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Samford University, B.A.
Reformed Theological Seminary, M.A., M.Div.
University of Cambridge, Ph.D.
Dr. Reeves has been a full-time faculty member at Gordon-Conwell Theological Seminary in Jacksonville, FL since 2010. Dr. Reeves completed a Ph.D. in Church History from the University of Cambridge on Tudor evangelicalism. He has been a guest lecturer for Reformed Theological Seminary and also for Cambridge University. A church historian, Dr. Reeves’ primary research interests are political theology and ecclesiology during the Reformation, specifically political obedience, resistance theory and the relationship between church and state. He also has an interest in the early Swiss Reformation, the Tudor dynasty and early Protestant theology.
The Reformation in England did not take place in one generation but slowly grew over a long period of time. Also, the Reformation in England was heavily influenced by politics.
The need for Henry VIII, in the Tudor line, to have an heir to his throne was the main political factor.
It declared that the ruling Monarch is the head of the church in England.
She reimposed Catholicism on England, and she killed around 300 Protestants during her reign.
She resisted the hard-line reformed version of Protestantism found in John Knox and returning English exiles.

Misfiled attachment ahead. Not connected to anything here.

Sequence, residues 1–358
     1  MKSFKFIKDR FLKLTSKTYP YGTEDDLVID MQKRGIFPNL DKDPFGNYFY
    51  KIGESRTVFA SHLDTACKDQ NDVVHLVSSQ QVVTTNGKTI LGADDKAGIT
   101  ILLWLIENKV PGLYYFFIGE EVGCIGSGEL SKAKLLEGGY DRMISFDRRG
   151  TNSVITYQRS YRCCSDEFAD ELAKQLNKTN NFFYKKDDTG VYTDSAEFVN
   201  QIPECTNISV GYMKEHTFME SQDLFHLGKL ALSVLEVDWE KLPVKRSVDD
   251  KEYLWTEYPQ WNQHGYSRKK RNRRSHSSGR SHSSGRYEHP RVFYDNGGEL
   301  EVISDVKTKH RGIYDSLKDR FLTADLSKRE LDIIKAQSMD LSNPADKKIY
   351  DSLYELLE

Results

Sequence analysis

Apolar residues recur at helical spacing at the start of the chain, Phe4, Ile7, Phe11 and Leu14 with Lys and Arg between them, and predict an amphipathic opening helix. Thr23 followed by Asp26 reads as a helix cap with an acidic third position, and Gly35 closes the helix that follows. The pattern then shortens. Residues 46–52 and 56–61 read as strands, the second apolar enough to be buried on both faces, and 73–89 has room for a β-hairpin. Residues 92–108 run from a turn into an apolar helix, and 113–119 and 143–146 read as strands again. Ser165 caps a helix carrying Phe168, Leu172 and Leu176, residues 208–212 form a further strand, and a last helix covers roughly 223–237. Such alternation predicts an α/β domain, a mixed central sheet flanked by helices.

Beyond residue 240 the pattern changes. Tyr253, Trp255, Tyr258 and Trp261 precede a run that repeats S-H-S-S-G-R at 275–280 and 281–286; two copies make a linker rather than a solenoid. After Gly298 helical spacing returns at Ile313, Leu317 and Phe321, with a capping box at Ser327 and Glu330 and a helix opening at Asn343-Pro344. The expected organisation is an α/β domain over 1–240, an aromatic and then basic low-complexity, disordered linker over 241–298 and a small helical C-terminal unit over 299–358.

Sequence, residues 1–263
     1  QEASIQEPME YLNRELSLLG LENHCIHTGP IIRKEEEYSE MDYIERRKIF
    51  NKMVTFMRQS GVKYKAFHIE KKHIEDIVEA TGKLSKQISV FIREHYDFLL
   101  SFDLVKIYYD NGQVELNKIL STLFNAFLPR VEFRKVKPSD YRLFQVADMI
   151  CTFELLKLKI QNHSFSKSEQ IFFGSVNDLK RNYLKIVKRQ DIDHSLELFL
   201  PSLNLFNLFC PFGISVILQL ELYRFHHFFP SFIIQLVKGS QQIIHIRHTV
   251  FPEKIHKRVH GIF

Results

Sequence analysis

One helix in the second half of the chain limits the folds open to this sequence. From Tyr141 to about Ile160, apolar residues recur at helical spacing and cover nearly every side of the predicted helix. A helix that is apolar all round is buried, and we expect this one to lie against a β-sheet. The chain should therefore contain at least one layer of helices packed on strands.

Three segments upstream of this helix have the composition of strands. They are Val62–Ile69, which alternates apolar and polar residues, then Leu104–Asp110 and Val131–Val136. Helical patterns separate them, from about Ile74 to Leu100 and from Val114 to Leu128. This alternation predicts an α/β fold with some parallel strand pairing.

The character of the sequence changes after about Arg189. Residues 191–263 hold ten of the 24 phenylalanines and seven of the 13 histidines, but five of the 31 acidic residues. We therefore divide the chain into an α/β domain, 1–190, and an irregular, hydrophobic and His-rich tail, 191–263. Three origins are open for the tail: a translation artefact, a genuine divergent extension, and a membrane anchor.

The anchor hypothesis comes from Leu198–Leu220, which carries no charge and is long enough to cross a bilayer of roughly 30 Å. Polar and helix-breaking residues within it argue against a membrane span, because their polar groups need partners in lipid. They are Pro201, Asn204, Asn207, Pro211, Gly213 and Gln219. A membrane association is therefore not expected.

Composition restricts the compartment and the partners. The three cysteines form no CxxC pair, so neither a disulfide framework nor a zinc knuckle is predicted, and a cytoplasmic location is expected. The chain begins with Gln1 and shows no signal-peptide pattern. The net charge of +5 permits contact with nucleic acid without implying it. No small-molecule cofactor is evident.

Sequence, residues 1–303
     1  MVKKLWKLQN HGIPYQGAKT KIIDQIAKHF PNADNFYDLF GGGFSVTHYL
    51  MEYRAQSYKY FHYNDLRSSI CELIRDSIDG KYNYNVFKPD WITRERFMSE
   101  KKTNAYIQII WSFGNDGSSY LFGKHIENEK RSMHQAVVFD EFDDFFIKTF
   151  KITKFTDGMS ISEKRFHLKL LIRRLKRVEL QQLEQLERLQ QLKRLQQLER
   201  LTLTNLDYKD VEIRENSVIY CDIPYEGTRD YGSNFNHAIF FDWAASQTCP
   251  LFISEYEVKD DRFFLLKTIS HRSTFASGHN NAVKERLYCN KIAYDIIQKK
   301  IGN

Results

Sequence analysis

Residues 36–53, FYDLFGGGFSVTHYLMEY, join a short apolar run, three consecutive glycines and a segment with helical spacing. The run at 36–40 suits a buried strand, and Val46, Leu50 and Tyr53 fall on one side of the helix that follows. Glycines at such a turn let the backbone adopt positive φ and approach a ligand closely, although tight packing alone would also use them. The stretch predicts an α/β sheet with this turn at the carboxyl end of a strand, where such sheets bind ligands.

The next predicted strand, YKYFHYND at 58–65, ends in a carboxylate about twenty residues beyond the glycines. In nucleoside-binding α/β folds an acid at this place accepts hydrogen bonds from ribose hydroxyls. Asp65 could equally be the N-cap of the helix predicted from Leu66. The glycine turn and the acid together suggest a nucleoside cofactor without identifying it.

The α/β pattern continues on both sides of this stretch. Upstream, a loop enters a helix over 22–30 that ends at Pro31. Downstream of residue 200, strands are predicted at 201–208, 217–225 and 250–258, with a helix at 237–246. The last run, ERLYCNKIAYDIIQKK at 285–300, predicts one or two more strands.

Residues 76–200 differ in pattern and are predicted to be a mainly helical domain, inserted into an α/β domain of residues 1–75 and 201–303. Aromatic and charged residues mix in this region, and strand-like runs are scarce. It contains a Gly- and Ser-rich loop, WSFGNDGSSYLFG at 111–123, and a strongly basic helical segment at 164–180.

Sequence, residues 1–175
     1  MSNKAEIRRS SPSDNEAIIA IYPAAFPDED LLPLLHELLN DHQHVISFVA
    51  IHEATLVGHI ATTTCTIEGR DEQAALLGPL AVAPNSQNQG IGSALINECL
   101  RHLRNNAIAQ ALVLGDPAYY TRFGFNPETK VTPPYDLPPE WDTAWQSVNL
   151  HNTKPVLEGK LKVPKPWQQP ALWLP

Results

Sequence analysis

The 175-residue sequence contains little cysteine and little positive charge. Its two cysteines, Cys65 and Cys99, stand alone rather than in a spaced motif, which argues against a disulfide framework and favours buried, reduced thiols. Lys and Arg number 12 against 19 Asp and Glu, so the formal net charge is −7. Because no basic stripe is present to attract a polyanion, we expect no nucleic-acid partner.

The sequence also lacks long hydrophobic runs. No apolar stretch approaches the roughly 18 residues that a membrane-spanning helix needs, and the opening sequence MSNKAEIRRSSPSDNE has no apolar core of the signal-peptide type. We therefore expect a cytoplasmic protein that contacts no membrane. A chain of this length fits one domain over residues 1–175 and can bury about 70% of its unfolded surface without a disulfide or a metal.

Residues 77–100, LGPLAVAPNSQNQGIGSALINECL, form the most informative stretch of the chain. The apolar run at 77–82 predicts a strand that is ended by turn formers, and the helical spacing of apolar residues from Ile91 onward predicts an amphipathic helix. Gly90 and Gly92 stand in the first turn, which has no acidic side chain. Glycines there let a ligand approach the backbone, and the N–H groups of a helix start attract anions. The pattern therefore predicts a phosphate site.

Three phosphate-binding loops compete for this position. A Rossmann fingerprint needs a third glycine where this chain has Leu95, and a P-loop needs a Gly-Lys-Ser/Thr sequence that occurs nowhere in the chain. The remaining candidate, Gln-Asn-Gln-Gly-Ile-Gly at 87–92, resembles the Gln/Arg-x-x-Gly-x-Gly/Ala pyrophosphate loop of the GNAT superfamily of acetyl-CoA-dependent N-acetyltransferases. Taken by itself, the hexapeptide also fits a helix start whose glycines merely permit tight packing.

It was a Puritan document given to James I in 1603 signed by 1,000 disgruntled Anglicans who requested reforms within Anglicanism.
James ordered a new translation of Scripture which became known as The Authorized Version, or The King James Version.
A Puritan wanted to reform the Church of England from within. A Separatist left the Church of England to pursue his own denomination.
The Great Ejection, which was brought about because of The Act of Uniformity (1662), forced over 2,000 Puritan pastors out of their ministries for refusing to comply with King Charles II and his anti-Puritan ideas.
The English Civil War was a fight between the Parliamentarians (those who supported the members of Parliament) and the Royalists (those who supported Charles I).
The Westminster Confession of Faith, the Shorter Catechism, and the Larger Catechism
Although each embraced very different theology, they all wanted to be radical for their faith and not accept the involvement of the church with the state.